Reported Care Quality in Federal Ryan White HIV/AIDS Program Supported Networks of HIV/AIDS Care
October 14, 2009
The US government has, since 1991, funded medical and support services for people living with HIV/AIDS through the Ryan White HIV/AIDS Program. The program supports care networks for patients in 51 Eligible Metropolitan Areas (EMAs). The 2000 reauthorization of Ryan White mandated quality management programs for all sites receiving the funding.
To facilitate quality management and improvement activities in EMAs, the authors developed a set of surveys to measure characteristics of care networks and the quality, accessibility, and coordination of services from the perspective of case management and medical providers, administrators, and consumers. These surveys measured quality management and support activities of the entire network, in addition to reported quality of services at individual sites. The surveys were administered in 42 EMAs in the continental United States from a total of 43 that had not participated in earlier pilot testing.
The results showed the care networks were rated highly on access, quality, and coordination between case management and primary care providers. Frequent differences in ratings of quality and barriers were noted by type of respondent (consumer representatives, grantees, and providers). Also noted were "substantial variations" across EMAs in network characteristics, perceived effectiveness, performance measurement, and quality improvement activities.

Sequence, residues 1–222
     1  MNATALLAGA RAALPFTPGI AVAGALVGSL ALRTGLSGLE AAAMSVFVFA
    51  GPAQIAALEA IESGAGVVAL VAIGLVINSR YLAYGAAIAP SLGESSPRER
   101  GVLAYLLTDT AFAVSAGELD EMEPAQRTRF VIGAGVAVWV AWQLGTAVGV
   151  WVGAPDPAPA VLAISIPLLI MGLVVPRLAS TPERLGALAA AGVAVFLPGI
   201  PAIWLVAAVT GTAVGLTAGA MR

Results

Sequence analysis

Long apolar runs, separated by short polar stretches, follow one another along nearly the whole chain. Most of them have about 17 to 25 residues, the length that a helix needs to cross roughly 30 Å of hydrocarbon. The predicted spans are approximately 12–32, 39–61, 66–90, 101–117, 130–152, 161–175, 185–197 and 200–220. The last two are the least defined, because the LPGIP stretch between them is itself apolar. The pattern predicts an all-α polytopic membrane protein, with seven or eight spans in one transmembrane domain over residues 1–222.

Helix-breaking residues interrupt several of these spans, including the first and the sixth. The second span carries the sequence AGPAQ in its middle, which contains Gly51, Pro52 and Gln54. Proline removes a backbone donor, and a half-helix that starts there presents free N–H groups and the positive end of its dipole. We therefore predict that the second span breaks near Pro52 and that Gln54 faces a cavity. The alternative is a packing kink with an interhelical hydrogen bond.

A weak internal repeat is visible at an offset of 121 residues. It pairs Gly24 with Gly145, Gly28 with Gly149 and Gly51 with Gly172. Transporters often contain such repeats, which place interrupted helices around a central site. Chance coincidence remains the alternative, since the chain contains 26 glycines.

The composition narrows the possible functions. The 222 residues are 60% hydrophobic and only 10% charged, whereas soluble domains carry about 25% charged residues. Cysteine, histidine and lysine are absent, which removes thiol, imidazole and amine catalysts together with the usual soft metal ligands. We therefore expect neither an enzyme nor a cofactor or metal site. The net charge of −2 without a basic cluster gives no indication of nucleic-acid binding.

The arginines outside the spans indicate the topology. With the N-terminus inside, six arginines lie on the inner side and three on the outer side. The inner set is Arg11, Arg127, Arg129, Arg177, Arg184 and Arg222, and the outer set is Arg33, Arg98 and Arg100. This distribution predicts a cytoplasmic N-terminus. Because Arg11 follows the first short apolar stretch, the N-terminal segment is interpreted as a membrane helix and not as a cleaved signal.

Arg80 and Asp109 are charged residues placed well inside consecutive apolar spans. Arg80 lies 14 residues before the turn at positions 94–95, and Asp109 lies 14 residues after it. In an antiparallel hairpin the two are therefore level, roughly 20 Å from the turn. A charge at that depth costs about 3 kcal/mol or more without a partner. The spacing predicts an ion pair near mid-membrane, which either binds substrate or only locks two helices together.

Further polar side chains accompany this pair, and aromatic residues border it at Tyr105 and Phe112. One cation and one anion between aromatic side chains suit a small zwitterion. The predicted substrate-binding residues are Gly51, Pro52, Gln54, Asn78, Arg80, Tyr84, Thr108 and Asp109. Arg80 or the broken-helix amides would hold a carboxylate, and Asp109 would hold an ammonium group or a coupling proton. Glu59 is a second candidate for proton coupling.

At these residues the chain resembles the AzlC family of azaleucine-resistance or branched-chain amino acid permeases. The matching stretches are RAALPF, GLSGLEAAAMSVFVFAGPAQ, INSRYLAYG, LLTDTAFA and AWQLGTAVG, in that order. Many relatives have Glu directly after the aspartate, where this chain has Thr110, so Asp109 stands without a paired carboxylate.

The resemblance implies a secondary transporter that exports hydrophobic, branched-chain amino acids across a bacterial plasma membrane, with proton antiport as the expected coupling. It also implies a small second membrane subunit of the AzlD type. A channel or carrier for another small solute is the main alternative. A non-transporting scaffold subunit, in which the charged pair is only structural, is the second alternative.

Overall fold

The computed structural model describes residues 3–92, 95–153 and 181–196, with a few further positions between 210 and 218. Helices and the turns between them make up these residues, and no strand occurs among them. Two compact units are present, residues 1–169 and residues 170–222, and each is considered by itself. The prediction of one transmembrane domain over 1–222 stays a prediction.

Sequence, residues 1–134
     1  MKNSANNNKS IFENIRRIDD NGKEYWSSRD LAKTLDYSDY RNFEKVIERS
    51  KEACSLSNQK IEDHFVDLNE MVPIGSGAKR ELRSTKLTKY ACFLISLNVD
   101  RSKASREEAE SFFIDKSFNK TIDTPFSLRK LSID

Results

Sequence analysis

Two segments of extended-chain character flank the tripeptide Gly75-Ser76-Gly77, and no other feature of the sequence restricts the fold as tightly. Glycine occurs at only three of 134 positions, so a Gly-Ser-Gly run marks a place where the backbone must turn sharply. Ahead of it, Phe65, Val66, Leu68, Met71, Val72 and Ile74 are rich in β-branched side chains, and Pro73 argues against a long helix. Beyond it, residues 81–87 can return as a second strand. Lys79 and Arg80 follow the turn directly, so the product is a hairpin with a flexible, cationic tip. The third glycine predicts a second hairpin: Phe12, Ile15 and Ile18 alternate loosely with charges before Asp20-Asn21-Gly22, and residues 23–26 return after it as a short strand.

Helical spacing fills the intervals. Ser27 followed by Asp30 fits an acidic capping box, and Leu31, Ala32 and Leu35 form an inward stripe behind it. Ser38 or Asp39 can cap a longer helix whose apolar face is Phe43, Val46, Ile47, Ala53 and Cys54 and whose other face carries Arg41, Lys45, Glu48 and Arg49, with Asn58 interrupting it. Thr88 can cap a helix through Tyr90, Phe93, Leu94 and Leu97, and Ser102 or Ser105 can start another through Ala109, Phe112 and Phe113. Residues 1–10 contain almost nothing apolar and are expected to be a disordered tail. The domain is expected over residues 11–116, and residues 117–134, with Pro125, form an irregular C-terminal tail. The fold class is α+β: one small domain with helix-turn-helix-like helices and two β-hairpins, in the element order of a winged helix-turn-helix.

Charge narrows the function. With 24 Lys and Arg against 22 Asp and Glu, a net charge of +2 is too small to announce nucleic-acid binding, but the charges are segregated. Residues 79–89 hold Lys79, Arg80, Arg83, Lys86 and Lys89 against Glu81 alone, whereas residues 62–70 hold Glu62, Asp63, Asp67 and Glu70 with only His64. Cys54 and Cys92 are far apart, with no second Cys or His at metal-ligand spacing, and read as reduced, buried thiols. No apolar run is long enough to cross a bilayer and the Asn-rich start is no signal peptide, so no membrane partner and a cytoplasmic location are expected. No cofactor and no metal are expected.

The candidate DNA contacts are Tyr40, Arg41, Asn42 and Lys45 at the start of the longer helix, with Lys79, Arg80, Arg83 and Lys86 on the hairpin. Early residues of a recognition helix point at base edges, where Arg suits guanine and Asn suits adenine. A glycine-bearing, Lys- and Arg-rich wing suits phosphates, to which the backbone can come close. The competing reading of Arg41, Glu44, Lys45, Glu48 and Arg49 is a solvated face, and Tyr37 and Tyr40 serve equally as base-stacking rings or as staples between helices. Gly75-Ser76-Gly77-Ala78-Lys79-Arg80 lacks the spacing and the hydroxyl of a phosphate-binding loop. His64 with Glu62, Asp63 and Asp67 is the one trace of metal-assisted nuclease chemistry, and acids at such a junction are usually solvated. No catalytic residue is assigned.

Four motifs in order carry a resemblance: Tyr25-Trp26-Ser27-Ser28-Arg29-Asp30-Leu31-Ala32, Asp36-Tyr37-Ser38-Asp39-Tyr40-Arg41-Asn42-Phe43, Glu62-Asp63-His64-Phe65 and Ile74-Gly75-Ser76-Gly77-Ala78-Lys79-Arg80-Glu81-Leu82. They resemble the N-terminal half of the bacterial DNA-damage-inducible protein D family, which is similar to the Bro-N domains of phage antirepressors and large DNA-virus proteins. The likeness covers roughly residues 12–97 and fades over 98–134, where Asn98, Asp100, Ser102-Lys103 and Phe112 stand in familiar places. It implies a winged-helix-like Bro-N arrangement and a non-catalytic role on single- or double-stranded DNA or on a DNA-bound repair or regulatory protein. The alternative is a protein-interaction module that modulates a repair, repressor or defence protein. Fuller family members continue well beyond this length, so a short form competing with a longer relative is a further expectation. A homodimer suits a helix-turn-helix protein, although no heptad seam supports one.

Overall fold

"The results indicate that the Ryan White Program has been successful in some areas of developing networks of care, but additional support is needed to strengthen the comprehensiveness and coordination of care," the authors concluded. "Additional work is also needed to better define and measure the essential characteristics of coordinated and integrated networks of care and assess whether those characteristics are related to access and quality of care and services."
06.01.2009; Vol. 21; No. 6: P. 799-807; Lisa R. Hirschhorn, Stewart Landers, D. Keith Mcinnes, Faye Malitz, Lin Ding, Rebecca Joyce, Paul D. Cleary
This article was provided by CDC National Prevention Information Network. It is a part of the publication CDC HIV/Hepatitis/STD/TB Prevention News Update.